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Le Morvan, [A District of France,] Its Wild Sports, Vineyards and Forests; with Legends, Antiquities, Rural and Local Sketches   By:

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Transcriber's Note

The punctuation and spelling from the original text have been faithfully preserved. Only obvious typographical errors have been corrected.

[Illustration]

LE MORVAN,

[A DISTRICT OF FRANCE,]

ITS

WILD SPORTS, VINEYARDS AND FORESTS;

WITH

Legends, Antiquities, Rural and Local Sketches.

BY

HENRI DE CRIGNELLE,

ANCIEN OFFICIER DE DRAGONS.

TRANSLATED FROM THE ORIGINAL MANUSCRIPT IN FRENCH,

BY

CAPTAIN JESSE,

AUTHOR OF "NOTES OF A HALFPAY;" "LIFE OF BRUMMELL;" "MURRAY'S HAND BOOK FOR RUSSIA," ETC., ETC.

SAUNDERS AND OTLEY, CONDUIT STREET.

1851.

LONDON: PRINTED BY WILLIAM TYLER, BOLT COURT.

PREFACE.

Born in one of the most beautiful provinces of France, in a country of noble forests and extensive vineyards; brought up in the open air amidst the blue hills, and ever wandering over the fields and mountains with a gun on my arm all the hours of my youth, if I may so say, were spent in search of partridges and hares in the dewy stubbles, and in the pursuit of the wild cat and the boar in the shady depths of the woods.

When relating the adventures of these different shooting rambles to a friend, talking over with him our mode of sporting so different from that of England, and when in imagination I carried him along with me into the dells and dark ravines, and described to him the chase and death struggle of the ferocious wolf, or the odd characters and antediluvian customs of the primitive people amongst whom I passed the days of my happy boyhood, astonished, he could hardly believe that such sports and such singular personages existed within so short a distance of his own country.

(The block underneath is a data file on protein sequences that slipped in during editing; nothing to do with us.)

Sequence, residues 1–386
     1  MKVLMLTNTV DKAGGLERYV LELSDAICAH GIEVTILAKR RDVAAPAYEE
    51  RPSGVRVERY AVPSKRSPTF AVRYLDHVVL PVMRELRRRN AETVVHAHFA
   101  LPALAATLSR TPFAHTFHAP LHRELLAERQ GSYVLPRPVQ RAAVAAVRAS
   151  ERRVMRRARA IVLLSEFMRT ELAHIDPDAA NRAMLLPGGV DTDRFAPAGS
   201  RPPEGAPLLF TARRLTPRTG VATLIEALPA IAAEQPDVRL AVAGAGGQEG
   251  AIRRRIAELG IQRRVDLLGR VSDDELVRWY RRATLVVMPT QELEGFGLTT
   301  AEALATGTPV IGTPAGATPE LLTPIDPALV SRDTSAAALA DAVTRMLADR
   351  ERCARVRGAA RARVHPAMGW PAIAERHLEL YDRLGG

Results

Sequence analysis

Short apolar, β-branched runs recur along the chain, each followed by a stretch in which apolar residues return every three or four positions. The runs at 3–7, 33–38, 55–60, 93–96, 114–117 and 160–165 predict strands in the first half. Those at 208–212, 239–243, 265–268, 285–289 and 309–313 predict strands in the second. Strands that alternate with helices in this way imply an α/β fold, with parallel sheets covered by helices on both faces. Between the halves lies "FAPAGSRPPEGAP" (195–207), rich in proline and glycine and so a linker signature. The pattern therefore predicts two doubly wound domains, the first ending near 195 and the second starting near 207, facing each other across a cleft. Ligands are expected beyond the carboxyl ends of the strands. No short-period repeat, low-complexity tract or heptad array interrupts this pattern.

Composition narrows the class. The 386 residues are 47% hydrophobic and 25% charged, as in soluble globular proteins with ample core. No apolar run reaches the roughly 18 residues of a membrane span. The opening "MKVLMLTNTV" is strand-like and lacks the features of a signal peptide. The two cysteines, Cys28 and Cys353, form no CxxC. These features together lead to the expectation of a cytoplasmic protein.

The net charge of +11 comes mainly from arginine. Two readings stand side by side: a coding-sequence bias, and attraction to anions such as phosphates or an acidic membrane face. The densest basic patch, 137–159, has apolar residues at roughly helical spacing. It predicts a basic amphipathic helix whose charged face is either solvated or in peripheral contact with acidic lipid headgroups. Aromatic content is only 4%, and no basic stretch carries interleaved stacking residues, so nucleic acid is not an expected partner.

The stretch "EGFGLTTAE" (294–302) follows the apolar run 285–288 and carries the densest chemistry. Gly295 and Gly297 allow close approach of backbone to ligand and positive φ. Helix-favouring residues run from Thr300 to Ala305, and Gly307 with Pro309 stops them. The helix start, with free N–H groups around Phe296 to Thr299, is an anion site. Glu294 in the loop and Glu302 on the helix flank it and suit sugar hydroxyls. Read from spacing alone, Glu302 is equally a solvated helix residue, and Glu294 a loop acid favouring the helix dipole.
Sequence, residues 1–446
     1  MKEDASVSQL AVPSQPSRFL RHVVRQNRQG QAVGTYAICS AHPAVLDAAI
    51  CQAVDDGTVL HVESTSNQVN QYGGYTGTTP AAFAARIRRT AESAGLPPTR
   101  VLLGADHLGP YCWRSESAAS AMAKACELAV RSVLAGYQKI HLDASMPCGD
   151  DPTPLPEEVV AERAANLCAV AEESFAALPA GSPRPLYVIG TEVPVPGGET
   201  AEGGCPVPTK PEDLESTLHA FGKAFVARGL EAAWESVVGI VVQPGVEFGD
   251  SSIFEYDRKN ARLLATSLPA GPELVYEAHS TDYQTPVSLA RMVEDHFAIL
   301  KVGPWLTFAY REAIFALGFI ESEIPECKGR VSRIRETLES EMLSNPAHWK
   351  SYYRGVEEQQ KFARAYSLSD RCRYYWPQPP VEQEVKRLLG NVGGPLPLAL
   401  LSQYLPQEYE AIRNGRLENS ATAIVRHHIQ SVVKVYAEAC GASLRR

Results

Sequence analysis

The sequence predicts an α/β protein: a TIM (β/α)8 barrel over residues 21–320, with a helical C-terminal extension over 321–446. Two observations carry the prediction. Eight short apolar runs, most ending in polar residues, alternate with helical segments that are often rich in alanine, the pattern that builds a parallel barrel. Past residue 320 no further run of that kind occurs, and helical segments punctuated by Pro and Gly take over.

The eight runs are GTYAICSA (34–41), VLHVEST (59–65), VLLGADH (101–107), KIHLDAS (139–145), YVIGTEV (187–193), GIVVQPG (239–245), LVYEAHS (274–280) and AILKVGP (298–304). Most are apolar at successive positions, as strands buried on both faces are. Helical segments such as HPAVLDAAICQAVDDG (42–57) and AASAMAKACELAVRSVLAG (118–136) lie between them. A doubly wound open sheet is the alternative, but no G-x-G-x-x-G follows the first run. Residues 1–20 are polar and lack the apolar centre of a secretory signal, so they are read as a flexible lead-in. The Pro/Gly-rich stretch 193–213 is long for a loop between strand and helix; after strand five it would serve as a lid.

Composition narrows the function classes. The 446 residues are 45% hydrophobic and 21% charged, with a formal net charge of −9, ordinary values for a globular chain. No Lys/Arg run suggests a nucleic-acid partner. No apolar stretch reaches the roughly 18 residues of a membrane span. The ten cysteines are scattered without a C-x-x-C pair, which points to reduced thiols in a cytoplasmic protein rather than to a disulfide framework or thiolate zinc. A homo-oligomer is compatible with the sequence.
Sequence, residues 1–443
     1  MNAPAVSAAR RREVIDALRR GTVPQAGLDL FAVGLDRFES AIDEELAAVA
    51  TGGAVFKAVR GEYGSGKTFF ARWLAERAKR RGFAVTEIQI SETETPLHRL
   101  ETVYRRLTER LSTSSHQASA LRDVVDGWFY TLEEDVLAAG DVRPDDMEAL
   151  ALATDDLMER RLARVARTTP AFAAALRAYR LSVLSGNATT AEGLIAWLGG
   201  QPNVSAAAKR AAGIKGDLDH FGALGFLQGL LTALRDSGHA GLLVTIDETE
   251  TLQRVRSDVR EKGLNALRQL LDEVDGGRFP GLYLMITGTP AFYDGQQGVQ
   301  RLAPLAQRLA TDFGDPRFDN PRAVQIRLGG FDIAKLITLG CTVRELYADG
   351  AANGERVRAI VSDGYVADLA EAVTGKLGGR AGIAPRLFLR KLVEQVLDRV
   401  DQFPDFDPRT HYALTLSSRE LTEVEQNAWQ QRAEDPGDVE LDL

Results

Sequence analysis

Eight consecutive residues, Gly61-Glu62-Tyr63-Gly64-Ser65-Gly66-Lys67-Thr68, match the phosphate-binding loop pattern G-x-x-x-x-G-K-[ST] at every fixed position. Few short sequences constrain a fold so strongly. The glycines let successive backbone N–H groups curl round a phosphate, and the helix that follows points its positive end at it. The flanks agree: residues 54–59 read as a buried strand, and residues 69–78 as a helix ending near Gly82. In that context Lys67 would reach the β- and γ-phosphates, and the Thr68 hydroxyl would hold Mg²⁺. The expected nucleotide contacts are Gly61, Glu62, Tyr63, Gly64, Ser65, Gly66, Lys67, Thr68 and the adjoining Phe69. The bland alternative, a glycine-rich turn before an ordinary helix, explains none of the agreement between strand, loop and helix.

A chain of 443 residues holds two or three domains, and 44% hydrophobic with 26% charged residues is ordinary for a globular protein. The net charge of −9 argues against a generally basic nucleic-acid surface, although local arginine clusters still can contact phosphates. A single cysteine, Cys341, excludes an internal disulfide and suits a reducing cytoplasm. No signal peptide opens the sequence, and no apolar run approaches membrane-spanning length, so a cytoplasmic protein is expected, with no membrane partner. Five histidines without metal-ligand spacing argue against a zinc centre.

"Why not scribble all this?" he would say, "your sketches would make capital light reading."

"But to write is not easy; and, besides, what a poor figure I and my dogs and wolves, woodcocks and vineyards, would cut after the terrible Mr. Gordon Cumming. How could any description of mine interest the public in comparison with those of that famous shot and his three coffee coloured Hottentots, with his bands of panthers and giraffes, his troops of yellow lions dancing sarabands round the fountains, and his jungles and swamps swarming with elephants and hippopotami?"

"But we might be able to go to Le Morvan," said my friend, "whereas few indeed, if they wished it, can go to the South of Africa to shoot elephants through the small ribs; neither is it probable that many of us would like to pass several years of their valuable lives shut up in a loose, rolling, sea bathing machine like wagon, with their own beloved shadow alone for all Christian company. Let us have a narrative of your exploits?"

"You do not consider what you ask," I replied; "my gossip may have amused you, but the effusions of my pen would to a certainty make you yawn like graves."

"Nonsense," whispered the flatterer, "you will open to us a new country, you will confer a real service upon hundreds of restless Englishmen, who when summer comes know not for the life of them where to go, or where not to go; write your work, and advise them to turn their steps to Le Morvan at the time of the vintage."

But now another, a huge difficulty, sprung up. Printers do not lend their types for nothing any more than they give gratis their time and paper. To publish a book is always an expensive affair; misfortune, which had touched me with its wing, which has been the sad guest of my house, deprived me of the power of undertaking it myself: and where to find a person so generous as to take upon himself the responsibility of the undertaking? Happily I was in England, in the land of kind hearts and warm sympathies. A noble lady, the mother of a distinguished English nobleman, who passes her life in doing good, took an interest in my forlorn history, and was pleased to honour me with her patronage. With this mantle of protection thrown around me, and my generous friend having undertaken to bear the responsibilities of publishing, the difficulties were soon swept away, and Le Morvan was written... Continue reading book >>




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